https://www.duolingo.com/profile/PartyGirl

Depends on where you live!


https://www.duolingo.com/profile/jeanniepq

Absolutely agree with you. We'd never say suitcase, always case. Nor have I ever heard maleta used for a handbag, it's una bolsa.


https://www.duolingo.com/profile/jeanniepq

Hi vicki.kura, just seeing your post now. I'm Irish and we'd usually say 'case'


https://www.duolingo.com/profile/PartyGirl

Agree, in Northern England we say case, rarely suitcase.


https://www.duolingo.com/profile/gabriellespeaks

It's accepted now :-)


https://www.duolingo.com/profile/constructionjoe

Hey that was close. I just discovered another 'false friend' : Maleta = bag, suitcase; Mallet (used for hitting things = Mazo + descriptor. Guess my construction Spanish isn't so hot after all ;)


https://www.duolingo.com/profile/nicklegs

So my dear Spaniards, If I said Maleta in Spain, would people generally refer to that more as luggage for travel or also for a backpack or even a shopping bag? Thanks in advance ;)


https://www.duolingo.com/profile/dadatic

Only luggage for travel.

A backpack would be "una mochila".

A shopping bag would be "una bolsa de la compra", usually just "una bolsa" if the context is clear.

Additionally, a briefcase can be called "un maletín" or "una cartera"; without context, cartera is ambiguous, because it can also refer to a wallet.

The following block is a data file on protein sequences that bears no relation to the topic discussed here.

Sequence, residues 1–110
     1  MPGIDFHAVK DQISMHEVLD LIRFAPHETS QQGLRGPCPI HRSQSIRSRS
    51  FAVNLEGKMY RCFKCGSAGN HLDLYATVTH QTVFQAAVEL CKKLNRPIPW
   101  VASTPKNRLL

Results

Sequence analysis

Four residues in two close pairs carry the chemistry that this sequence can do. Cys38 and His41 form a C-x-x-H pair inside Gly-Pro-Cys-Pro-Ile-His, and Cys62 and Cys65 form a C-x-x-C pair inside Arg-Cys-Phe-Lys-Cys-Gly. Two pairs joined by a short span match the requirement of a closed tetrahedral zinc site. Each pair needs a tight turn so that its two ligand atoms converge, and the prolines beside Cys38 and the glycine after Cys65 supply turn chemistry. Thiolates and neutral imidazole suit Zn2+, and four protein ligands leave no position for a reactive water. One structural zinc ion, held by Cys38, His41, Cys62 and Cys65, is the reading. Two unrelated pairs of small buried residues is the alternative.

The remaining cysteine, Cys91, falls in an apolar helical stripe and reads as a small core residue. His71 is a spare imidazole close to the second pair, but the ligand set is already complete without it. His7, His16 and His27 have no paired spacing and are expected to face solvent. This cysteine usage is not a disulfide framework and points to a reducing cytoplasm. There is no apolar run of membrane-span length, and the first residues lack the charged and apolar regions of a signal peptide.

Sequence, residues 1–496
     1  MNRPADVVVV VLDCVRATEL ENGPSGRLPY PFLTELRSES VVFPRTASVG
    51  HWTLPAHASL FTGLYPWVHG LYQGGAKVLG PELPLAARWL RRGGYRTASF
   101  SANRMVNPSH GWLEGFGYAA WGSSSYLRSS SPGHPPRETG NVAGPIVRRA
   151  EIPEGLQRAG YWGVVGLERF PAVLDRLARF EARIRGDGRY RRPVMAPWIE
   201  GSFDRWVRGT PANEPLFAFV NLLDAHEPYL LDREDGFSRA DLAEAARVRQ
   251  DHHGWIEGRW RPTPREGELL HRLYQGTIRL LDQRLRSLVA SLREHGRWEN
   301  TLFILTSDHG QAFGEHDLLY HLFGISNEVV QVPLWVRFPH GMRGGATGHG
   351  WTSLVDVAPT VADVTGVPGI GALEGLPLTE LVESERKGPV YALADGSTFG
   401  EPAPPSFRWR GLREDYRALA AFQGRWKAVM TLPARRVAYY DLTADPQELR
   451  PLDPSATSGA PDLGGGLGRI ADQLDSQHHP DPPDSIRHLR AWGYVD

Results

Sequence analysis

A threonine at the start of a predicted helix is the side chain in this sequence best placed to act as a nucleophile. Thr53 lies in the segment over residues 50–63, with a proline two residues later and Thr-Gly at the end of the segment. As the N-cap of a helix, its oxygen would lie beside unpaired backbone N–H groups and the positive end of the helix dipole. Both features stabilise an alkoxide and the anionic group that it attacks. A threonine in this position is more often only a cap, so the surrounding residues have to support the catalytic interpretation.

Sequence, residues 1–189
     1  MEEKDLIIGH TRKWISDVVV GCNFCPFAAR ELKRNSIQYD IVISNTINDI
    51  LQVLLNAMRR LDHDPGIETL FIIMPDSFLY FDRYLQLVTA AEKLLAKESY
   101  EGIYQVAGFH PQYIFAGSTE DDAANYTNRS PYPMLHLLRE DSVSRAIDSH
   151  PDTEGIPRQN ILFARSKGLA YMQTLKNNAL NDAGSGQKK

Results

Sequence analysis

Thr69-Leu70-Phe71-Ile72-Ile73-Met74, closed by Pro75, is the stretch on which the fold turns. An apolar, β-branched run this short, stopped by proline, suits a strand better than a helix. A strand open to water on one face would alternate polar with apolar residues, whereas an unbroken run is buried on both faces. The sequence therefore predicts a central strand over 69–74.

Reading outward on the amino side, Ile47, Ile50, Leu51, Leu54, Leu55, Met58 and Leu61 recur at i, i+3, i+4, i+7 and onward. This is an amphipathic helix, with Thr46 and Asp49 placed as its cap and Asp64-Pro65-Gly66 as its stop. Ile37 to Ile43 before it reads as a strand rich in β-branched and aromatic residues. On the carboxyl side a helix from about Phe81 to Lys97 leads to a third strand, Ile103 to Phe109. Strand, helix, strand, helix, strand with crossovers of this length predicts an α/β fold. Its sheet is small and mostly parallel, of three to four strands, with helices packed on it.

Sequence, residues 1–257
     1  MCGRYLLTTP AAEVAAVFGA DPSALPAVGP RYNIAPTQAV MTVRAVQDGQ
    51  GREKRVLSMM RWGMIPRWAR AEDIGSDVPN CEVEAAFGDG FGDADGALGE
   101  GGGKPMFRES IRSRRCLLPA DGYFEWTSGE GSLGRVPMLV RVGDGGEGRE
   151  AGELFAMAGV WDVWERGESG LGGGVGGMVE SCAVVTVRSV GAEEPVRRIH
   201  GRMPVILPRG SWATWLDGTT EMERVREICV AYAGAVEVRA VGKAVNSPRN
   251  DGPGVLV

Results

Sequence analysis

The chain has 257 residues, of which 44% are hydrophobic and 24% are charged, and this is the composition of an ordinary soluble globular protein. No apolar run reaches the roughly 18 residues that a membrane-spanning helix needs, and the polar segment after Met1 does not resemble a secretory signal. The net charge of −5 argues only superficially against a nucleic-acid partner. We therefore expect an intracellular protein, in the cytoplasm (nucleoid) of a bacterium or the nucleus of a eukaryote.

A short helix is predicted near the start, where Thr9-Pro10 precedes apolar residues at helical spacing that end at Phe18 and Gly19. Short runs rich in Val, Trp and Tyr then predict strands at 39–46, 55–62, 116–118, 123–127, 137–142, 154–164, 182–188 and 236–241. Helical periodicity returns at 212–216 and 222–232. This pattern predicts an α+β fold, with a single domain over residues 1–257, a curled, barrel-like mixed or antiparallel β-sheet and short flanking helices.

https://www.duolingo.com/profile/brennaboo

I guess briefcase is not the same as suitcase.


https://www.duolingo.com/profile/mashaunix

so what if I have a yellow mullet... don't you ever judge me ❤❤❤❤❤❤❤ it


https://www.duolingo.com/profile/paoloandy

Mallette is the French word for suitcase, just dropped the "e" and replace it with "a" since I speak French that was an easy one for me. Spanish should be easy for anyone who speaks French.


https://www.duolingo.com/profile/sevy694

Romance languages are great! I've studied French and Portuguese, so I'm enjoying all the cognates. :-)


https://www.duolingo.com/profile/-XSebaStiaNx-

It seems it comes from the french word "malle", which originally referred to a bag used to carry mail. http://etimologias.dechile.net/?maleta


https://www.duolingo.com/profile/Panamapal

If you click on "maleta" in the sentence, DL shows it to mean suitcase, bag, case, but yet they marked me wrong when I used case.


https://www.duolingo.com/profile/wave89

why luggage is spotted as wrong answer??


https://www.duolingo.com/profile/chucki79

Luggage is plural, isn't it? Maleta or valija is singular therefore I expected Baggage as a solution. Sadly it is not accepted here.


https://www.duolingo.com/profile/vicki.kura